I don't think I'm unique in that regard. I think most of us experience the same sort of thing -- we think by conducting conversations in our head. We rehearse what we're going to say. We imagine what we would have said. What we might say if we were asked.
Noqw this kind of ties into a lot of different things I've been coming across lately.
Now recently I read a post by Mr. Brust (who is very clever) where he says
It is nearly impossible to conceive of ideas for which you have no words.
A statement with which I agree, and one which points to the primacy of language in determining our view of the world. How we speak defines how we see, to a very large degree. Colin Falck's book Myth, Truth and Literature engages with a corollary of this notion; namely, if we cannot conceive of ideas for which we have no words, how do we come up with new ideas? Falck, in dismantling the baroque framework the post-strucuralists erected over the work of Sassure, notes that the inability to directly map symbols (such as words) to real-world objects actually means that all words enjoy a certain degree of freedom in their meaning. And the job of literature (previously myth) is to constantly push that freedom, and make words mean things they hadn't before.
Seen that way, literature is part of the basic process of developing language.
Mr. Brust goes on to address a comment I'd made about how we haven't gotten any better at storytelling in the past 3,000 years:
Yes, which triggers something I've given some thought to--the "full range of humnan emotions." I would submit that this range has expanded over the last 50,000 years. Were we always capable of feeling fear? Sure. Anger? I would think so. But what about epiphany? Sublime ecstacy? Wry amusement? Ironic bitterness?
I suspect that Homer was giving generalized expression to emotions that hadn't existed five thousand years before him; that Shakespeare was expressing emotional concepts that would have been foreign to Homer.
What new emotions will emerge over the next five thousand years? I haven't a clue. But I can see no reason to assume that, 50,000 years ago the "full range of human emotion" emerged in a sudden rush, and that since then nothing has changed in the emotional life of mankind.
I gotta say, that's pretty clever. Still not sure if we can see steady progress in terms of story-telling technology, but you CAN make a case that the rules of the game (being that art works within the emotional arena to some extent) keep changing, so maybe it's no surprise that the technology doesn't get better.
Of course, communication technology DOES get better. These days I'm getting deluged with emails from friends entreating me to pay attention to their Facebook presence.
Now, let's be perfectly clear: I like my friends. My friends are, by and large, some of the wisest, kindest, bravest and bestest people around. They're my friends mainly because I admire them.
But I'm not at all sure about this whole Facebook thing. Just like I wasn't at all sure about MySpace. Does anyone remember GeoCities?
Steph brought up the idea of how these sites, these technologies, are really more about enabling narcissism than they are about communication. Back to talking to yourself. But now, it's talking to yourself with the added fun of getting to count your number of friends growing day by day. I suspect that once the majority of the Facebook population sees their number of new friends level off, the crowd will be off to the next variant in this particular field. Because it's really about the self-gratification of knowing your own popularity.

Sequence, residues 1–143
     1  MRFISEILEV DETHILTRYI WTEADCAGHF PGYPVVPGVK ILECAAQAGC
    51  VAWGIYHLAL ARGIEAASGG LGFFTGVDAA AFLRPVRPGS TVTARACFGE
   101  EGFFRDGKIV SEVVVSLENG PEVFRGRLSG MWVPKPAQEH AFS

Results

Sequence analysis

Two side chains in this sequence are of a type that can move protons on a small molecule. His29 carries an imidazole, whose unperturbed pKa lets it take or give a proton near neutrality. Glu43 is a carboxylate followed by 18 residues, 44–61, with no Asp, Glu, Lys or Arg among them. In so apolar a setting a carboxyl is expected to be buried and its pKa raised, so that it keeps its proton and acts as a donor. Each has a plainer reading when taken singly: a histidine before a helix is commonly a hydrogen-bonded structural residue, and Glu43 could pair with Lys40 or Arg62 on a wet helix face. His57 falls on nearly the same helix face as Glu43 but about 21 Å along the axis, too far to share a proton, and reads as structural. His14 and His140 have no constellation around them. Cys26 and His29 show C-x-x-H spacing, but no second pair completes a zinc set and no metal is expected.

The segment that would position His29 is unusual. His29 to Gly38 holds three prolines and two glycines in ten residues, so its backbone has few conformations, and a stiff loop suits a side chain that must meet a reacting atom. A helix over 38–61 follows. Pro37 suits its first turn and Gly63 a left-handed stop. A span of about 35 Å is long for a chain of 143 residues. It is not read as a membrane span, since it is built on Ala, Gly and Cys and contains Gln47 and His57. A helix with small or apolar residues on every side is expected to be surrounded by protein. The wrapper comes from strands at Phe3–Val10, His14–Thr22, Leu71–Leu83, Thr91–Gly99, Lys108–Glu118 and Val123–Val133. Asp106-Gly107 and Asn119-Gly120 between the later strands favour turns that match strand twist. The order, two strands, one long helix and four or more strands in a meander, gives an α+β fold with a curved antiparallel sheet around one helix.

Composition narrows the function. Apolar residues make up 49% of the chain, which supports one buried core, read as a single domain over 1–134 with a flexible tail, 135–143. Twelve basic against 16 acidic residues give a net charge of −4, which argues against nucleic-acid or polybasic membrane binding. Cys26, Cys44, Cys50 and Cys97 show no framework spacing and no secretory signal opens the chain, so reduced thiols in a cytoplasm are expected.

But talking to yourself isn't bad in and of itself. Because of our limitations in apprehend that for which we have no words, we must use words, even inside our own heads, if we're to have any hope of making rational decisions. There's simply no other way for us to compare alternatives.
So talking to yourself is good.
Well. Like the Dilbert cartoon above suggests, it's not so easy to learn from oneself. I got a powerful lesson in this last week at Tong-sensei's class when Ono-sensei, who teaches under Hakateyama-sensei in Montreal (these names might actually matter to you if you know anything about the lineage of Katori Shinto Ryu: the rest of you, don't worry about it), took me through the four Omote Tachi kata. Ono-sensei is very fast, and Hakateyama's style is very agressive, and I was manhandled very effectively all the way through. It was startling to work with someone whose style and whose basic assumptions about each posture and move is so different from my own -- and I learned an enormous amount from our practice.
Because like talking to myself, swordfighting is an arena where it's easy to kid myself. It's easy to think I'm pushing myself, when really I'm just walking myself around in the same old circles. It's always a good idea to step out of where I'm comfortable and get smacked around by a guy who's faster than me, more experienced than me, and not operating on the same assumptions as me.
And of course, in response to Mr. Brust's point about it being nearly impossible to conceive of things you don't have words for, the idea that language is the denominator of how we think, I have to admit that in my own life, how I think hasn't always been the primary director of how I make decisions. So while talking to myself is a chance to practice thinking, I have to remind myself not get fooled into thinking that if I can just think correctly, then I will perforce act correctly.
I have work hard if I'm going to be my own mentor, and to be honest, I'm probably not going to do a very good job.